Last week in the paper version of Unfair Park, we wrote about Steve Asmussen, who is either the greatest horse trainer in America or one of the sport’s biggest cheaters. Personally, I found Lone Star Park's prodigal son to be a pretty likable dude; others say he’s a jerk. What can’t be disputed is that Asmussen has 22 drug violations on his record, five of which are pretty serious. That may sound like a big deal, and maybe it is, but consider this: Asmussen’s horses go to the test barn about 800 times a year (race winners and one randomly selected horse are tested after every race).
There is no doubt, however, that drugs are a problem in horse racing, and over the years trainers have been rumored to use some pretty weird stuff to give their horses an advantage. The use of oceanic cone snail venom, a potent painkiller, has been called a “classic rumor that won’t die.”
Well, maybe it’s not a rumor after all. Last week, the Daily Racing Form, the Bible of the horse racing, reported that during a June 22 raid Kentucky stewards found cobra venom in one of trainer Patrick Biancone’s Keeneland barns:
The cobra venom, which is barred by state regulation from racetrack grounds, was in crystalline form and was found in a refrigerator in one of the tack rooms used for the storage of supplies, said the source, adding the substance was in a small container labeled "Toxin." Snake venom has been known to be injected to deaden or "block" a horse's joint or nerve, and in a case settled last week in Saratoga County, N.Y., two Standardbred horsemen pled guilty of doing just that before a race last October at Saratoga Raceway.
The excellent horse racing blog Curb My Enthusiasm weighs in:
“Reading this was a real kick in the gut for me. Injecting cobra venom into a horse's joint? What in the world is going on here? Is it too much to ask that you not inject a deadly poison into an animal? Currently there is no effective method to test for cobra venom. Where in the hell do you even get Cobra venom? www.cobravenom.com perhaps?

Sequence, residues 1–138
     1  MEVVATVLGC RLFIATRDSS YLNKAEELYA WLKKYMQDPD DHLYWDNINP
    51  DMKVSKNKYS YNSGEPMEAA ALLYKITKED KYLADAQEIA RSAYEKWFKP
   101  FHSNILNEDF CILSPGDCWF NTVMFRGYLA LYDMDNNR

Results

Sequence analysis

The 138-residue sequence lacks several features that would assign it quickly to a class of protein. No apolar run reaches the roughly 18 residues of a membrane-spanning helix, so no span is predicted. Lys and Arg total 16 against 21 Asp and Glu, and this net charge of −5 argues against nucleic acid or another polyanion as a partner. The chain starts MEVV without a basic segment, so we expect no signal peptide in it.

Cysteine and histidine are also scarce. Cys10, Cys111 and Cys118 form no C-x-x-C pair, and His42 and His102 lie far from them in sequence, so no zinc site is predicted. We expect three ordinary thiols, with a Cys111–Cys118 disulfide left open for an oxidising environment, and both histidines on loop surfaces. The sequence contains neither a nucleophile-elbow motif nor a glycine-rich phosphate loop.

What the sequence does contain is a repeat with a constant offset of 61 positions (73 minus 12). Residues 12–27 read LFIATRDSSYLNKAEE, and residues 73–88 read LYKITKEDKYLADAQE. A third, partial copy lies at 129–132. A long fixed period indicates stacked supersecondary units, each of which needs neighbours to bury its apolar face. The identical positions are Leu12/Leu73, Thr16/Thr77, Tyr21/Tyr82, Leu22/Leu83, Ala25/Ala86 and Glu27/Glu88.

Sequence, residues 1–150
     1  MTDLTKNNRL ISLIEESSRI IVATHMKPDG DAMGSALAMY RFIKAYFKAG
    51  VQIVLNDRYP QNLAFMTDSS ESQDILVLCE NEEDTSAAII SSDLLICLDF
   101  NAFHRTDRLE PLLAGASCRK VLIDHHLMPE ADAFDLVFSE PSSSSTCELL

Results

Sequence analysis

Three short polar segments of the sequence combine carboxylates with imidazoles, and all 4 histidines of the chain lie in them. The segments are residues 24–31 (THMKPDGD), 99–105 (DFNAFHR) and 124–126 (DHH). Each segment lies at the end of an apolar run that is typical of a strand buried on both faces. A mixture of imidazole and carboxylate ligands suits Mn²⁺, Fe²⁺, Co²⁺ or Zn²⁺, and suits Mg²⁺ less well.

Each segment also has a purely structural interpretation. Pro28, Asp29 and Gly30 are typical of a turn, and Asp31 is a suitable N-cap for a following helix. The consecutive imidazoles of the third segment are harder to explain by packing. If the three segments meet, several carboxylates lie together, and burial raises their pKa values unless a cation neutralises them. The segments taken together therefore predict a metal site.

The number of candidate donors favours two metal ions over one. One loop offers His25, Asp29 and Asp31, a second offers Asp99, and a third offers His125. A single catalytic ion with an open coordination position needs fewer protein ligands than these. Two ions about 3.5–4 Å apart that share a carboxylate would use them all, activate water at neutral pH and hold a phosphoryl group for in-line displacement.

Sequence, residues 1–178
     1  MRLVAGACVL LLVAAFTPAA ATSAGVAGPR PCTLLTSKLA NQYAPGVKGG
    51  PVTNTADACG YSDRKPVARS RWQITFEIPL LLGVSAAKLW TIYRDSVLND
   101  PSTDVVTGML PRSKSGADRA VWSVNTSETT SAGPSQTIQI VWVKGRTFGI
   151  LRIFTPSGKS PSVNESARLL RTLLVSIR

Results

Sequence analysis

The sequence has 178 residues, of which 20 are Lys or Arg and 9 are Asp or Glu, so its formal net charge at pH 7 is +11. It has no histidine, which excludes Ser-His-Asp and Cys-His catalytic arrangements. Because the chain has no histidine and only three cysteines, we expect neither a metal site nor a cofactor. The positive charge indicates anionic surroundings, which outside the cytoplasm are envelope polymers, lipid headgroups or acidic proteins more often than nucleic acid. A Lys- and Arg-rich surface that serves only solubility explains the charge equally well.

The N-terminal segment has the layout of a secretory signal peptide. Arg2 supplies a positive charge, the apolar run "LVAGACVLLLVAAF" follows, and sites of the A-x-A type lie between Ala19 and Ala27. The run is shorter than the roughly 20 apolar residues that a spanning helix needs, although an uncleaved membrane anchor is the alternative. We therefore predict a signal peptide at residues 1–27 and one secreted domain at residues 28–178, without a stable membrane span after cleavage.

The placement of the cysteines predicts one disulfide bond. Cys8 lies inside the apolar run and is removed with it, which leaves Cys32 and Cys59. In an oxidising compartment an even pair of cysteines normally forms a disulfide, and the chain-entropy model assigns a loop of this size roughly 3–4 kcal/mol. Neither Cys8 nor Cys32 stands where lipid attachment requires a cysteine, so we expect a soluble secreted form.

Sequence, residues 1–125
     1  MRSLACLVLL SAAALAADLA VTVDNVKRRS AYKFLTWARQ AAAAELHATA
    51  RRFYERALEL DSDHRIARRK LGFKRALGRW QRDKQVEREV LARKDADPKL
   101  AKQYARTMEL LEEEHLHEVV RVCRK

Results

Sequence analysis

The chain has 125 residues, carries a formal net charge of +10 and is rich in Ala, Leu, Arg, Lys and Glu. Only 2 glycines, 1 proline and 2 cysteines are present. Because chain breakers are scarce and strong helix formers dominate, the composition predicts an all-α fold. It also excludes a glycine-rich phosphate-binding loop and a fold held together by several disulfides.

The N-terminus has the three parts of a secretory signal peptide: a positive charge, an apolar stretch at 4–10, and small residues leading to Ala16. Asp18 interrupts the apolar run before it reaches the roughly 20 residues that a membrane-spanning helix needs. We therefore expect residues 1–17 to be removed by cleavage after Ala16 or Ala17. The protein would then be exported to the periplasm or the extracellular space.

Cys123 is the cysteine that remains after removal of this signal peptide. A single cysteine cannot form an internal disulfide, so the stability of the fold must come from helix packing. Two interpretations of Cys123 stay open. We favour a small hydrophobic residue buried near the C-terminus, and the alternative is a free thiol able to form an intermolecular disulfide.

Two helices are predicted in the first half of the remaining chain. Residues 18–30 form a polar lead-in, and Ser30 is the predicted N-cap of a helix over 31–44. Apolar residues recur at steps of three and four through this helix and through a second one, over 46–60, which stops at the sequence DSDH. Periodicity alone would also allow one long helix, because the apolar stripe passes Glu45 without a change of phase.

I'm disgusted that anyone would do this to a horse, and this might quite possibly taint the feelings I had about the ability of any of Biancone's horses, not to mention his abilities as a trainer. For now, I want to withhold judgement because I'm a fan and because the trainer deserves due process -- but don't see how this can turn out anyway but bad.”
Horse racing aficionados tend to look the other way with this kind of stuff, fearing that any negative publicity will hurt a sport that’s already struggling. The truth is, horse racing has a rabid fan base, as anyone who has been out to Lone Star Park recently would know.
On July 3 and 4, for example, more than 41,000 fans turned out at the Grand Prairie track, despite rain and the constant threat of thunderstorms. And that’s the way it’s been the entire spring season -- lots of rain and lots of fans. And at this year’s Preakness, which Asmussen won, there was a record turnout.
So horse racing is alive and well, despite popular misconceptions, but as KTCK-AM (1310, The Ticket) late-morning-show host Norm Hitzges, a handicapper at Lone Star Park, told us for last week’s story, it won’t stay that way if these sorts of doping allegations continue to haunt the sport: “Horse racing survives on the confidence of the person walking through the door placing the wager," he says, "and if horse racing ever gets to the point where the suspicion of the everyday wagerer gets too great, it will suffer financially. It will.” --Jesse Hyde
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